CLEVELAND — This fish tale starts in Cleveland, at a tournament on Lake Erie.
Walleye were weighed and a champion named, but something seemed off.
It wasn't just the catch that was "fishy," and a quick knife down one walleye sunk the new champions hopes of taking any prizes home when weights and fillets were found inside.
"It's one thing when you're sitting at a bar and the fish you say is this big is actually this big," avid fisherman Adam VanHo says. "That's one thing, but these competitions bring people in from all around the country."
VanHo should know: Not only is he an angler; he's a criminal defense attorney. While the competitors -- Jake Runyan and Chase Cominsky -- haven't been charged with a crime, that is something that's being considered, especially since some tournaments have prizes north of $100,000, including boats.
"We call it 'theft by deception,'" VanHo explained, "which essentially is you tried to steal something by making what you're turning over different."
While some are frustrated about the finances, others are hurt by men they considered friends out on the lake.
"I'm angered about it, I'm sad about it," Northeast Ohio angler Kenny Morris said. "I've known Chase and I've known Jake, and I'm no longer speaking with them. They're blocked from me.
In an update Tuesday morning, 3News received the following statement about the situation from the Ohio Department of Natural Resources:
ODNR wildlife officers responded to the Lake Erie Walleye Tournament on Friday, September 30, 2022 after being contacted by tournament organizers. Officers collected evidence and are preparing a report for the Cuyahoga County Prosecutors Office.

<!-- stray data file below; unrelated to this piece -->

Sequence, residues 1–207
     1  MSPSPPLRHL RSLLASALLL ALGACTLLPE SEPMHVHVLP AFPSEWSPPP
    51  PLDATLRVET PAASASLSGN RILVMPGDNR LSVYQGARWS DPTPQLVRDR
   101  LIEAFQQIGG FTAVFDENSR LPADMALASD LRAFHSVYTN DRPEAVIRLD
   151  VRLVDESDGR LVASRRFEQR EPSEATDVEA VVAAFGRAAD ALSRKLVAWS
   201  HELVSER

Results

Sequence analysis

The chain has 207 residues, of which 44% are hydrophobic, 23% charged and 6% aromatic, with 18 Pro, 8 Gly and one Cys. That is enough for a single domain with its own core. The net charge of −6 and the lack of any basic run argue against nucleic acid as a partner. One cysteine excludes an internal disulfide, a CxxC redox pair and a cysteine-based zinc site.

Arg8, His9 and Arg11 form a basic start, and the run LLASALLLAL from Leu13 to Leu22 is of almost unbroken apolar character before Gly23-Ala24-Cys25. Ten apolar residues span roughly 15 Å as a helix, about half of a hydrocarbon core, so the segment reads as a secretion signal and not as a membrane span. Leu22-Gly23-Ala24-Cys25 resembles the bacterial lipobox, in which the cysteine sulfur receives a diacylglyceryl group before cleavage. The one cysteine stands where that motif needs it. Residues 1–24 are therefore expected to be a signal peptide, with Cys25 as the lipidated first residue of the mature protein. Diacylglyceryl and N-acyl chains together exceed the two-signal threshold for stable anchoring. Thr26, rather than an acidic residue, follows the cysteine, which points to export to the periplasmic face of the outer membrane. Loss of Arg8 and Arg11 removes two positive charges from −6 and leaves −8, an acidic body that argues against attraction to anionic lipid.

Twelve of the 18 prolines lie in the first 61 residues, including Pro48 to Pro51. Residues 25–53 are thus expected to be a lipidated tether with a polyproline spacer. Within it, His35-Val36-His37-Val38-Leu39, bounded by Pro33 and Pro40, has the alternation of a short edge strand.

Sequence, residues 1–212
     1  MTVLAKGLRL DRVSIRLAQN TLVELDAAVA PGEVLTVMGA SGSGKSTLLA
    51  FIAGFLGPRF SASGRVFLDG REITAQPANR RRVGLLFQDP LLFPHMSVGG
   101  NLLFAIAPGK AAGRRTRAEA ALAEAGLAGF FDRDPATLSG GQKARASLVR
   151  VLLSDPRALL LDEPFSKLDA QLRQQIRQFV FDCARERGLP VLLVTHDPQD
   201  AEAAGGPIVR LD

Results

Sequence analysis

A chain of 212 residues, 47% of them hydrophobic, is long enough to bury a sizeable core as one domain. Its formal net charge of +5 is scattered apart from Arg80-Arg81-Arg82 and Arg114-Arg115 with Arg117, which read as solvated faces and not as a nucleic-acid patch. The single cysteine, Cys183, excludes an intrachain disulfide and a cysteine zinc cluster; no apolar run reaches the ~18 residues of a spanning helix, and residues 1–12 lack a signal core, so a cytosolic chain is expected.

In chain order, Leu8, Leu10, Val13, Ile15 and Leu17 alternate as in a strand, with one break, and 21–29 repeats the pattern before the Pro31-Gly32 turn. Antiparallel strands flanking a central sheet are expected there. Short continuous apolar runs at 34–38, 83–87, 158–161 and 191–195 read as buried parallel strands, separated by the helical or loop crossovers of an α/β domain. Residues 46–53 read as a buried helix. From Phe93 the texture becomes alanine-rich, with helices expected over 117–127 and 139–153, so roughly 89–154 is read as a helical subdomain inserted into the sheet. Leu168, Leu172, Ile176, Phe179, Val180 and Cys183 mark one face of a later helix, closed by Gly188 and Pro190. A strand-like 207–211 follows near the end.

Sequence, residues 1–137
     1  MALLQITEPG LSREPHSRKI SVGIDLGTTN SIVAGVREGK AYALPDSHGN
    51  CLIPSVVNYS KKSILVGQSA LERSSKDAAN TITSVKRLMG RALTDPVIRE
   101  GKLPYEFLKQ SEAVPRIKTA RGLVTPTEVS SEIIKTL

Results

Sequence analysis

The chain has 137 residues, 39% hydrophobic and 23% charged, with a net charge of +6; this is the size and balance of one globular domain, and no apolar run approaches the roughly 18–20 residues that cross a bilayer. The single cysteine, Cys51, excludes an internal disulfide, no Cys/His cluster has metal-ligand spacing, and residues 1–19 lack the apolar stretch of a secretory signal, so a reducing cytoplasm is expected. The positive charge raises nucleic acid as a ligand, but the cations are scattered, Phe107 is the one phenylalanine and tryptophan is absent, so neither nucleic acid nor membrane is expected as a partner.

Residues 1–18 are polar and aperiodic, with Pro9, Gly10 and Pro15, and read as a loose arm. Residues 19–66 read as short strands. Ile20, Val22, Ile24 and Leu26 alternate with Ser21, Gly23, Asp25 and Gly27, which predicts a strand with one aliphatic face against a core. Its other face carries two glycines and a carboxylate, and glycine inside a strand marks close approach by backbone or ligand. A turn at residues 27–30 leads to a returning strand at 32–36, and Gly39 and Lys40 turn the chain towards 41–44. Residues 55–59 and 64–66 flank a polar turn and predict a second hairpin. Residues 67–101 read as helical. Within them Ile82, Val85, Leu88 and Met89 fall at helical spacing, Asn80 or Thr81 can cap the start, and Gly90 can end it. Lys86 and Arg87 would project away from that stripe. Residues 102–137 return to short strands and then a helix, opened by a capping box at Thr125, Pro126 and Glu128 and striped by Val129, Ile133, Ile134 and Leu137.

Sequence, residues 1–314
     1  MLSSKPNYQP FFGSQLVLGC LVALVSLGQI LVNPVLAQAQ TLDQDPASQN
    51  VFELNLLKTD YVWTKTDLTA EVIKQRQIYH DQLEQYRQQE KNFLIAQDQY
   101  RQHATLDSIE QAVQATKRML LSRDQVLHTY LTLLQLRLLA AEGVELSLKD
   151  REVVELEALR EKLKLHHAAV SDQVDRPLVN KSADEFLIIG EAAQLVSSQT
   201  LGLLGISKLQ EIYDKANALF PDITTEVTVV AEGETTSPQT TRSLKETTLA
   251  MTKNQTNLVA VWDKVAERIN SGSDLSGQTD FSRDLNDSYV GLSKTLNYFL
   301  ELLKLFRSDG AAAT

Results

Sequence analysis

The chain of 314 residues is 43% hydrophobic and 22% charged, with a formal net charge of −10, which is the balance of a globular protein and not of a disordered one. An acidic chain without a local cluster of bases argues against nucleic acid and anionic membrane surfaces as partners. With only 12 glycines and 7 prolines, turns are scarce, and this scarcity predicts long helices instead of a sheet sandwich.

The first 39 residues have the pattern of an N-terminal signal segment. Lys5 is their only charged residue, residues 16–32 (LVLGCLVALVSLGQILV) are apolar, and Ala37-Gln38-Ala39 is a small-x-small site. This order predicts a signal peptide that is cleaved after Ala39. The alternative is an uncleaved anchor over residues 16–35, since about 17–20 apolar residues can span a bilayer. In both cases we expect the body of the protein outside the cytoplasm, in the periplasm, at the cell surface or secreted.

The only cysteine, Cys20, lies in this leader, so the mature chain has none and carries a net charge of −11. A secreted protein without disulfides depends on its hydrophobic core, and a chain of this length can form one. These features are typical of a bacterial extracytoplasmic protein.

As this is an open investigation, we have no further comment at this time.
Despite the controversy, Morris has hopes for future tournaments and stricter protocols.
"If you're taking a fish that's going to make you some money, you're going to need to cut the fish open," he told 3News.
The end of this tale still leaves many questions, but the organizer who discovered these weighted fish wants competitors to know one thing.
"I just genuinely care about running an honest tournament," said Jason Fischer, tournament director of Lake Erie Walleye Trail, in a statement. "And Lake Erie anglers deserve it."
Update: On Monday, Lake Erie Walleye Trail Tournament Director Jason Fischer posted a video statement on Facebook.
"On Friday, we witnessed one of the most disgusting acts that the fishing world has ever seen," he said. "This type of behavior will not be tolerated."
Fischer stated that he has turned over all information about the incident to the Ohio Department of Natural Resources Division of Wildlife, who will handle the investigation and any possible criminal charges.
"To see so much negative light on our sport hurts me to the core," Fischer added. He also apologized for using profanity in the viral video that revealed the winners caught with weights in their walleye.
You can watch Fischer's entire statement below: